Welcome back to the second part of my more than… two-part series in traveling to the DPRK. I’ll continue with going over how I planned the trip, even if the government minders viewed me as a potential stooge.
Harking back to Part 1, a serendipitous encounter with the Koryo Tours booth of a Beijing expat fair reconfirmed my enthusiasm for visiting the DPRK. Why not just say North Korea, you ask? Well, a particular group of people, up THERE, don’t believe in such geographic discrepancies involving the peninsula. They reckon it’s all one Korea, or at least it should be. Considering their lust for everything but the end product of …lust, it seems the time a unified Korea will exist is when its denizens will not.
Prior to the fair, I was already receiving e-mails from Koryo Tours, trying to figure out a) where I signed up for the list-serve in the first place and b)how I could get a job with them. Although neither of these lower-case letters achieved success, I did manage to fill out the application, a rather simple affair actually, to complete the first step in hopping over to Pyongyang. A scan of my passport here and there and a nebulous money transfer to an account in Hong Kong sealed the deal. Hmm, that was underwhelming. I was expecting to drown in a pile of A4 paper, or mail fifty passport photos (with a red background) like when I was hired to teach English in Indonesia. Which probably means I’m pinned to fifty immigration officials dartboards’ in Jakarta.
Living in Tokyo, another of the DPRK’s friendly neighbors, for a spell in early 2010 made coordinating flights and dates easier. Why? Since said tour group is based in Beijing, in the Sanlitun ‘hood, everyone in the group (no bigger than thirty people, if memory serves me correct) met a day before departure at their office for orientation, then met early the next morning to head to the airport. We wouldn’t be getting a visa in our passports, instead we’d be issued a document to hand DPRK immigration on arrival.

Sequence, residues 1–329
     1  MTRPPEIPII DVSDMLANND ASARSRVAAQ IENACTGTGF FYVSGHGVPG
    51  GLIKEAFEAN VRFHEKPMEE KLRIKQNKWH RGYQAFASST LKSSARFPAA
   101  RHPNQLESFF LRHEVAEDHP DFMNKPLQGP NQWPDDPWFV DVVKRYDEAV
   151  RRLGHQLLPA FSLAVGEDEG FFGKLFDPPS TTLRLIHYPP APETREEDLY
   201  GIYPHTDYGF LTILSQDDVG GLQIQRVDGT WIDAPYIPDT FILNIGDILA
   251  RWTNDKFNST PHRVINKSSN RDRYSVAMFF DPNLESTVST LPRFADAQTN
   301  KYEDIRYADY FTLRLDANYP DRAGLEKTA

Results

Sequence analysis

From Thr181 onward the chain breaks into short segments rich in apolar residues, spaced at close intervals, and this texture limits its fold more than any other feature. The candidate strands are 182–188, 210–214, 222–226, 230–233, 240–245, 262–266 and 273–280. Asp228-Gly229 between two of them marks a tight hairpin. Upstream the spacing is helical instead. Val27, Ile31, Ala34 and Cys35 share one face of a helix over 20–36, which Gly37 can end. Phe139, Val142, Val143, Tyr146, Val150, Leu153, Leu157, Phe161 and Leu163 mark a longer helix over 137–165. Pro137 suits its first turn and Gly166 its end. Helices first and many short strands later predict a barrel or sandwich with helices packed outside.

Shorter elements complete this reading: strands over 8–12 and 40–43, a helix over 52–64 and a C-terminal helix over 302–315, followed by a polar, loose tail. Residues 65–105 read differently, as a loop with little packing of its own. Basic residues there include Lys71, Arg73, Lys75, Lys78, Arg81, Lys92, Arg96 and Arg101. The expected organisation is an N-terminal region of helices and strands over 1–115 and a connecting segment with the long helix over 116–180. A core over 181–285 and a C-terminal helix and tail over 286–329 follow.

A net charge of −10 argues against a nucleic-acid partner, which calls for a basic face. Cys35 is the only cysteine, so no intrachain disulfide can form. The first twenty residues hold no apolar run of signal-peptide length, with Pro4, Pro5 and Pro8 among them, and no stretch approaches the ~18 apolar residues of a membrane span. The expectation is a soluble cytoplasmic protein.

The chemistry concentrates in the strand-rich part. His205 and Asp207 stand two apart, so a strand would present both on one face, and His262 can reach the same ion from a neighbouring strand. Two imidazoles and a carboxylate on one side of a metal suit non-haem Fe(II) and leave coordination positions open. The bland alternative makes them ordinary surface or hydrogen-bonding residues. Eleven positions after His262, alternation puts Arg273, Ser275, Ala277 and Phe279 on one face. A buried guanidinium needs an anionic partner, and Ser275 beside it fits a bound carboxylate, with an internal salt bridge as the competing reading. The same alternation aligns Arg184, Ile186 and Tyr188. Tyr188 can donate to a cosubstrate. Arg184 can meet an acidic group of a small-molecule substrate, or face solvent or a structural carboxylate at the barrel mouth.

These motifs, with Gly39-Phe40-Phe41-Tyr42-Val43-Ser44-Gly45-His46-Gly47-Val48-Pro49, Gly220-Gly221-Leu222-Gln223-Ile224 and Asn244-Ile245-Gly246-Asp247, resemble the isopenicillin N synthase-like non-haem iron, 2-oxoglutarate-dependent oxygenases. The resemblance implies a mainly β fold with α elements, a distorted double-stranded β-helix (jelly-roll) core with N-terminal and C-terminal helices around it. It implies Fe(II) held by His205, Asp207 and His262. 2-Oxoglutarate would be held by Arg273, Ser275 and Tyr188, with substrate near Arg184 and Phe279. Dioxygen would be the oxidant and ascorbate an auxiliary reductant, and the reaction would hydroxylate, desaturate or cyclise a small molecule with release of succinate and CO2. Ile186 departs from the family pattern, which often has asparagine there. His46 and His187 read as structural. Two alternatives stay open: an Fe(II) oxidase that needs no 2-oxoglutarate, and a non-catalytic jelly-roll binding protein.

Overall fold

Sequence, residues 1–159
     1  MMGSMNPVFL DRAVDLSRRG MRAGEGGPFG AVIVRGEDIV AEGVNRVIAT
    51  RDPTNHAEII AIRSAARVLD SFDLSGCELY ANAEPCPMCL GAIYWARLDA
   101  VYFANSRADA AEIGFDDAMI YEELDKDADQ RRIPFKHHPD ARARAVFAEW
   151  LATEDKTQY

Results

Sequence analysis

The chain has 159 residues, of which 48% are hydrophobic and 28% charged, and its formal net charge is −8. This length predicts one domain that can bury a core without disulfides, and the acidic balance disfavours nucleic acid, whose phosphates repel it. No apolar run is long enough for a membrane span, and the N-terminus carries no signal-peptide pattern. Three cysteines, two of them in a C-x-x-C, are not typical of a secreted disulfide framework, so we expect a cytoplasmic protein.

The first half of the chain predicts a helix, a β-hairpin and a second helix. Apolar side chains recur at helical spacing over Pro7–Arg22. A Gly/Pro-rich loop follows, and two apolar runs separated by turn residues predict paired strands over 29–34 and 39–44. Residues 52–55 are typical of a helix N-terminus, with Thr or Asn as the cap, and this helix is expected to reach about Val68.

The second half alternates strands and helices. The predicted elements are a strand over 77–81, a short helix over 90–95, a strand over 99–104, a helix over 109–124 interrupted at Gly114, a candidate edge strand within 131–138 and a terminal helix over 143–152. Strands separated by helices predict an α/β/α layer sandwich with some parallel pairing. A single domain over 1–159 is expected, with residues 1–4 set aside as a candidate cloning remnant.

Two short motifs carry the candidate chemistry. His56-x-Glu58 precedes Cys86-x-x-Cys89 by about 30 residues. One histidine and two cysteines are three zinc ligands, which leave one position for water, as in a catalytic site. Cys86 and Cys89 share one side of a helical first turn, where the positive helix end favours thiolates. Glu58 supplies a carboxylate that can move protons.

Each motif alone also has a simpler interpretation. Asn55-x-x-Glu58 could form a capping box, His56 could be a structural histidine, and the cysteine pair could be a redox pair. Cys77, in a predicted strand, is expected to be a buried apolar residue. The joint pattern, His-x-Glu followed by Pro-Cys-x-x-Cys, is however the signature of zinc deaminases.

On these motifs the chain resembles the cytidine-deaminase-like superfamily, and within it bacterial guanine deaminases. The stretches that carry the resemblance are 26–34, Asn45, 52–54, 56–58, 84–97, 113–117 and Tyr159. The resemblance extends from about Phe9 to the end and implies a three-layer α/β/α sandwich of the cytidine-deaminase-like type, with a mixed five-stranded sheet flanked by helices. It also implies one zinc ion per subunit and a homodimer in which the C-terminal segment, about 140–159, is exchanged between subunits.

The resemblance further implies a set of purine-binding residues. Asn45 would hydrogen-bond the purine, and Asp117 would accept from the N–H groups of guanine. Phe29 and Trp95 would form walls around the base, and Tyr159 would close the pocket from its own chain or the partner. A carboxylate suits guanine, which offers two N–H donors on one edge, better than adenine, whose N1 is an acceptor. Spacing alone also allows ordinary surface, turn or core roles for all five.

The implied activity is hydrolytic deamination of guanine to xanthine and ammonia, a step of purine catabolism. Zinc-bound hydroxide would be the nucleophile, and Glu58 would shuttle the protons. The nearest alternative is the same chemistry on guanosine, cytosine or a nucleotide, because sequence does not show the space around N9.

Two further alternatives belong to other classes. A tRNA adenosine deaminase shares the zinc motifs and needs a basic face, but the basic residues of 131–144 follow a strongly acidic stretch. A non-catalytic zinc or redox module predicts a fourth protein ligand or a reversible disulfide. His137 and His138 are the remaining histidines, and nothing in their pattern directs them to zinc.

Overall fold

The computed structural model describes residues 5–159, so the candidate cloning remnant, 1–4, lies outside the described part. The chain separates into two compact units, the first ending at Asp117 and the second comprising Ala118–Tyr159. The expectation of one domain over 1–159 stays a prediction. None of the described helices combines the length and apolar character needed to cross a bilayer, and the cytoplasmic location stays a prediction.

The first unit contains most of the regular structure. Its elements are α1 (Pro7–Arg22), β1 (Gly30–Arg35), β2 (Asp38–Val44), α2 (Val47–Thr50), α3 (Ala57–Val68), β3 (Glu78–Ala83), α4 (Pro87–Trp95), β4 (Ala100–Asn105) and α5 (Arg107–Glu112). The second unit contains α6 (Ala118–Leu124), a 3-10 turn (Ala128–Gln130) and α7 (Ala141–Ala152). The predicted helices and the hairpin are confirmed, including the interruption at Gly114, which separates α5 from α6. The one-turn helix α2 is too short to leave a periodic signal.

By this point, the group had learned about unique rules for entry to the DPRK, rules that if we didn’t want to follow, we probably shouldn’t have wasted our time scoping out the golden ticket (quite possibly, Kim Jong Il’s favorite flick). A given? No journalists or professional photographers. Regulations less predictable? Ah, that’s where we found out only whole portraits of Kim Il Sung were allowed. Also, in order to visit Kim Il Sung’s mausoleum, a well-kept and conservative look, say slacks and a button-down with clean shoes were de rigeur. I was a bit of an accidental oaf in that respect, but you’ll find that out soon enough.
It was March 2010, the departure date finally came, and the bus set off to PEK to catch the flight to FNJ which, when questioned why “FNJ,” according to google is Pyongyang’s airport code or “something” in New Jersey. 算了 (never mind), let’s check out what happens next….